TROPHOWELL

A platform for testing cell response to biochemical agents. The TrophoWell™ includes a well which contains a gel, and a plurality of capillaries that open into it. Cells and various biochemical agents such as drugs and growth factors are flown through those capillaries. The platform allows for the evaluation of cell response by imaging. The platform is a cost effective testing platform and can be used in the fields for drug discovery and personalized medicine.

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Description
BACKGROUND

Although regenerative medicine, bioprinting, and microfluidic lab-on-chips are expanding fields of research, the fusion of the three at the macroscale level has been limited. The development of experimental tools in this sphere can have positive repercussion in many areas of medicine. Two such areas of impact are outlined below.

First, it would have a positive impact in the field of drug discovery. The use of animals in preclinical studies is widespread in medical research. For early phase research, 6-10 animals are typically used per treatment. During the process of drug development, the chemical composition and dosage are critical variables, and thus, a range of these variables need to be evaluated. During long-term testing of new drugs, the gold standard is 50 animals per group, 2 sexes, 2 to 3 doses, and 2 species (e.g. rats and mice)11.

A primary objective in the field of clinical research, as outlined in a study discussing the misuse of statistics in clinical research12, is to limit the usage of animal studies to appropriately designed experiments, especially considering that an 88% drug failure rate is recorded. Although this study underlines the importance of animal research, it also serves to bring to attention the extensive use of animals during the drug development process. There is also the additional burden of having to feed and maintain the animals for an extensive period of time during the experimentation period. Thus, there is a need for an alternative to animal studies during early-stage drug research.

Second, it would significantly affect the field of personalized medicine. Human biology is very complex and the biological make-up of each person varies significantly. Hence, technological developments in health are beginning to gravitate toward patient-specific treatments. For instance, cancer cells of the same cancer type differ from patient to patient. Also, drugs with the same ingredients and concentrations affect patients differently. Personalized or precision medicine is also being targeted in the realm of genetic engineering. Personalized medicine is a patient-based treatment method which determines a patient's biological response by collecting and analyzing their genetic data and designing treatments most conducive to that specific patient. This optimizes the recovery rate for each individual and prevents unaccounted harmful side-effects.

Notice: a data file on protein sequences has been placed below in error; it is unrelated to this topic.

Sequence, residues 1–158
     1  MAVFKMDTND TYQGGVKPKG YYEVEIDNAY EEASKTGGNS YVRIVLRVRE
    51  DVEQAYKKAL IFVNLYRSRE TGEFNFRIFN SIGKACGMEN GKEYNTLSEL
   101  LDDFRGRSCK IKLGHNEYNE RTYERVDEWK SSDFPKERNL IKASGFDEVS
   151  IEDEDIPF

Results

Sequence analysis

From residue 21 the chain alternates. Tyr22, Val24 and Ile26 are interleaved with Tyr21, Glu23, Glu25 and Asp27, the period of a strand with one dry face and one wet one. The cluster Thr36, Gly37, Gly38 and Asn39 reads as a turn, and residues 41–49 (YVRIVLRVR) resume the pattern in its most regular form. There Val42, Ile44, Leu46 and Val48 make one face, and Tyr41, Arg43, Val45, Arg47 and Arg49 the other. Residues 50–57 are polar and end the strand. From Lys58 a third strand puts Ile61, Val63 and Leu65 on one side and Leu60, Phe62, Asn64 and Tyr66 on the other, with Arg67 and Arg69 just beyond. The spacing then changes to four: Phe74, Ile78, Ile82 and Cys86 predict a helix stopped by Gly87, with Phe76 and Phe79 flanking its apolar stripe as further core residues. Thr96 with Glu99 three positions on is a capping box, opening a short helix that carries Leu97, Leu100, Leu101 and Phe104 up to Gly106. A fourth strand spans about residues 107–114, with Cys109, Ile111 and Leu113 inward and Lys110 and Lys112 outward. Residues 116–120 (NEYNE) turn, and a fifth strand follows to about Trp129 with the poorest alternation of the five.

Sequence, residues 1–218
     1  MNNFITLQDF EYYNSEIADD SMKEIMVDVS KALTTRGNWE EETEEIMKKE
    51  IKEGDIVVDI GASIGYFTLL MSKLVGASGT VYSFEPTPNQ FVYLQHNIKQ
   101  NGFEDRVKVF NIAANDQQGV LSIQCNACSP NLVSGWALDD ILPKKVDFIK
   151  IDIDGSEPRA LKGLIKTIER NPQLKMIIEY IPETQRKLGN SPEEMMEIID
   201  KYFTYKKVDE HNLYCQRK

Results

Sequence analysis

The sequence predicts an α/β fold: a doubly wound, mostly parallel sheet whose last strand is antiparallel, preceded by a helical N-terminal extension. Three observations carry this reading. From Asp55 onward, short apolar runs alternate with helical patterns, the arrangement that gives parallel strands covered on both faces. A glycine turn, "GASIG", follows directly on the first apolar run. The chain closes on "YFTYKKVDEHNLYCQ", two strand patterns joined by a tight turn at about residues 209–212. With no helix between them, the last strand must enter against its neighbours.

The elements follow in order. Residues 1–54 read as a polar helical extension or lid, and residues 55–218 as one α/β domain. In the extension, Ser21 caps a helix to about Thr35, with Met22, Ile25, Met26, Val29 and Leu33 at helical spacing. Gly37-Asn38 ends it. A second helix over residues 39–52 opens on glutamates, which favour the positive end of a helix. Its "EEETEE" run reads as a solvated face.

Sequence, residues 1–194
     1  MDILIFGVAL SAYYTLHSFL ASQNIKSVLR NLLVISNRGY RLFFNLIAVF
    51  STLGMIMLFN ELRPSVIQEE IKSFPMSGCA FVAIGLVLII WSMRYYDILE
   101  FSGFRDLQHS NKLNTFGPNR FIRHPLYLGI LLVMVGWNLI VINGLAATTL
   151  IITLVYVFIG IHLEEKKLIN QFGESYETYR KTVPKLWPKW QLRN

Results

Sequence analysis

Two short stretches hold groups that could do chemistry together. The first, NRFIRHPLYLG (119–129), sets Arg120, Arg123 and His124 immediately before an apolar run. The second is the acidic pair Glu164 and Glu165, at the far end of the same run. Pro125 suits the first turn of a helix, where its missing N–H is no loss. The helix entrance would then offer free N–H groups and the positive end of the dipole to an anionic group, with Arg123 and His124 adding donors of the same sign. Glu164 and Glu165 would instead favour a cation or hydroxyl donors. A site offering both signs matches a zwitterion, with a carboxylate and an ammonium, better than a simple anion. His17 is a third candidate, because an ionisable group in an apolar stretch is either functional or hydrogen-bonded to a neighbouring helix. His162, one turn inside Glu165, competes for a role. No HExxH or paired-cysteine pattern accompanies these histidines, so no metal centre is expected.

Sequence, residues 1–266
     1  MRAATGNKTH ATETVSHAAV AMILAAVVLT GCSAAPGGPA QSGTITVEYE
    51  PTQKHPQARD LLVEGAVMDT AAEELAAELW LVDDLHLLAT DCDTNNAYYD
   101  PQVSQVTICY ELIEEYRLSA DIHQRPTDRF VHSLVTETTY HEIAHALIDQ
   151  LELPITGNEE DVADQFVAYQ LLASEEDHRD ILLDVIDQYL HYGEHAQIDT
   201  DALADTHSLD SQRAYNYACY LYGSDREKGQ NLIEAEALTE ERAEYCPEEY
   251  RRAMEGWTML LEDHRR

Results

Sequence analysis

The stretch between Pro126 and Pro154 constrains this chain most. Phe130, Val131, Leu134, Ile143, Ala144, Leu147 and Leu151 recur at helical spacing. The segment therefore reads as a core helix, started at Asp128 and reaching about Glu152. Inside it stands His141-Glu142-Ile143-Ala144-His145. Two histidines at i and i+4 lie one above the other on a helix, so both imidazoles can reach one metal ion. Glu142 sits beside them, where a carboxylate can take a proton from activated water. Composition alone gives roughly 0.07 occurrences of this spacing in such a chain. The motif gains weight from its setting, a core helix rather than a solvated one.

Furthermore, personalized treatment is still very expensive, and is thus, inaccessible to many patients. Cost reduction over the last several years has been marginal. Kalydeco® (ivacaftor), a special drug for cystic fibrosis, has an annual cost of about $300.000 per patient14. Gleevec® (imatinib mesylate), a targeted cancer drug, costs has an annual cost of about $146.000 per individual patient15. It is anticipated that the Precision Initiative Medicine research endeavor established by U.S. government in collaboration with the National Institute of Health's (NIH) effort to improve personalized medicine technology16 will integrate a solution to alleviate such unaffordable costs. However, for the present time, this work is targeted towards mass data collection, with the NIH All of Us research program collaborating with millions of people to create a genetic data pool to understand the biological mechanisms better18.

Most of the devices used in these two fields rely on microfluidic chip development. There are several drawbacks of microfluidic chip technology. Fabrication of microfluidic chips requires complex lithography design and different coating methods which need be performed in a cleanroom environment. Users need to undergo a training to use microfluidic chips accurately in case of complicated structure. In addition, their chip production comes with higher costs, expensive lab setup, longer production time, and hazardous material manipulation. Since macroscale bioactivities are intertwined with microscale bioactivities, the TrophoWell™ is unique in allowing for the observance of both simultaneously.